- Ison, Yvette D. (January 1995), "The Beginnings of the University of Utah", History Blazer, Utah State Historical Society. Online reprint, with permission, at HistoryToGo.utah.gov by the Utah Division of State History, Utah Department of Heritage and Arts, State of Utah.
- Randal S. Chase, Church History Study Guide, Part 3, 2012, p. 85.
- Utah Legislative Assembly (1852). Journals of the Legislative Assembly of the Territory of Utah, of the ... Annual Session, for the Years ..., Volume 1. pp. 108–110.
- Young, Brigham (1987), Collier, Fred C., ed., The Teachings of President Brigham Young: Vol. 3 1852–1854, Salt Lake City, Utah: Colliers Publishing Company, pp. 26–28, ISBN 0934964017, OCLC 18192348,
Inasmuch as we believe in the ordinances of God, in the Priesthood and order and decrees of God, we must believe in slavery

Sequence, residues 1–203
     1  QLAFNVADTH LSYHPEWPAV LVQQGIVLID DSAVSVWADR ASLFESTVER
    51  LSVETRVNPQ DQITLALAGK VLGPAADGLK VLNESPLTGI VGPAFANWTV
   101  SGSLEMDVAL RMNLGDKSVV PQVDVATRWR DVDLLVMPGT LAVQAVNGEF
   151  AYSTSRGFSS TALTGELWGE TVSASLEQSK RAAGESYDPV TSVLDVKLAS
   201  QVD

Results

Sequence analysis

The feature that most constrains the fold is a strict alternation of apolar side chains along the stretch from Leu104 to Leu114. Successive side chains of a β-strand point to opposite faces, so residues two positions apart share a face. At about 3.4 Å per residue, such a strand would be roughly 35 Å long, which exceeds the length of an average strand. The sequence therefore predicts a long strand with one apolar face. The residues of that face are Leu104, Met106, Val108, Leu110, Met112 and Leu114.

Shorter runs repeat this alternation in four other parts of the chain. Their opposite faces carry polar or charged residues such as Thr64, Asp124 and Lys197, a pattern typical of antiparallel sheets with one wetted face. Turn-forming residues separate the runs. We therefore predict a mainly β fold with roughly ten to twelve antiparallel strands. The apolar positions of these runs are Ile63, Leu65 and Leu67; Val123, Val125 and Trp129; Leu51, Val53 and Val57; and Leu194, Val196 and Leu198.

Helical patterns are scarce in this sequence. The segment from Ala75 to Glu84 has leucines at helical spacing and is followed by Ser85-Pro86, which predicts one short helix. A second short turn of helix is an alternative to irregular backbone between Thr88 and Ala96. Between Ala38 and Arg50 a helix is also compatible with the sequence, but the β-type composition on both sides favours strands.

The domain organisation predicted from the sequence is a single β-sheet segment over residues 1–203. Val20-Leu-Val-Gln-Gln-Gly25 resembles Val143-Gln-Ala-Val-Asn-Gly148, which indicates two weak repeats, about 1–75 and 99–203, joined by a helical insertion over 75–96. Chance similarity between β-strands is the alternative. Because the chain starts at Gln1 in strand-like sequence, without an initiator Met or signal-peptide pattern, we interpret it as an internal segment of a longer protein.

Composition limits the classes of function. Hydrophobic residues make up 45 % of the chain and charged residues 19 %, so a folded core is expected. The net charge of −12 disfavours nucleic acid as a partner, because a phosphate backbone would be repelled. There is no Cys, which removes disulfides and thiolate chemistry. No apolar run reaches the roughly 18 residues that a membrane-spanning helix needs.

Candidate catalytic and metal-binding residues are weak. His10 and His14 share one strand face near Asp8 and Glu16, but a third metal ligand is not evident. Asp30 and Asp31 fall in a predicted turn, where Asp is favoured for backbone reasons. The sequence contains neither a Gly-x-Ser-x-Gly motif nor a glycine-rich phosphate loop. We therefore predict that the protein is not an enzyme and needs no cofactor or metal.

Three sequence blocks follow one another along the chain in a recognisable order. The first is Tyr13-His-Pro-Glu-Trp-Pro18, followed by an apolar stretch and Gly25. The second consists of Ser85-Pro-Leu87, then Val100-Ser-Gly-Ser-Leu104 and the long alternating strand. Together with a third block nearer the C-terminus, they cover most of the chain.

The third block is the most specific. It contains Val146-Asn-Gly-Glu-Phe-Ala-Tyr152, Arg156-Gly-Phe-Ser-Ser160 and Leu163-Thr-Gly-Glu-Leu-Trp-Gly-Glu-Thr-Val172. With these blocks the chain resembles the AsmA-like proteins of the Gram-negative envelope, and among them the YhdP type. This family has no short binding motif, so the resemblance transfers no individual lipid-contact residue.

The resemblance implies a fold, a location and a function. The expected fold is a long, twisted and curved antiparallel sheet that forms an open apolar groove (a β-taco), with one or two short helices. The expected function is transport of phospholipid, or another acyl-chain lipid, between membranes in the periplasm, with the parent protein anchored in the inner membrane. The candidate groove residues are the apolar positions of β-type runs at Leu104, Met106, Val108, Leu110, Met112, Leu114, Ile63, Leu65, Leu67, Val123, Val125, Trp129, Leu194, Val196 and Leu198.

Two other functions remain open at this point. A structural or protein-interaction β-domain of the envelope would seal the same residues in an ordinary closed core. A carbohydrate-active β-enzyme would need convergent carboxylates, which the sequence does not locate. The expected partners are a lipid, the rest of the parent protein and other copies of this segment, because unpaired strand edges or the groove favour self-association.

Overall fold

- Brigham Young, Utah State Archives
- Sloan, Robert W. (1884). Utah Gazatteer and Directory of Logan, Ogden, Provo and Salt Lake Cities, for 1884. p. 278.
- Bills, Sarah (April 16, 2003). "Warren Dusenberry (1875–1876)". The Universe (BYU). BYU NewsNet. Archived from the original on February 7, 2012.
- Hanks, Marion Duff (1992), "Salt Lake Temple", in Ludlow, Daniel H, Encyclopedia of Mormonism, New York: Macmillan Publishing, pp. 1252–1254, ISBN 0-02-879602-0, OCLC 24502140
- Richard and Pamela Price (2000), "Vol.1, Ch.4: Brigham Young: The Father of Mormon Polygamy", Joseph Smith Fought Polygamy: How Men Nearest the Prophet Attached Polygamy to His Name in Order to Justify Their Own Polygamous Crimes (self-published), Independence, Missouri: Price Publishing Company, ISBN 1891353063, LCCN 99041763, OCLC 42027453
- http://jod.mrm.org/4/51. Vol.4 p.56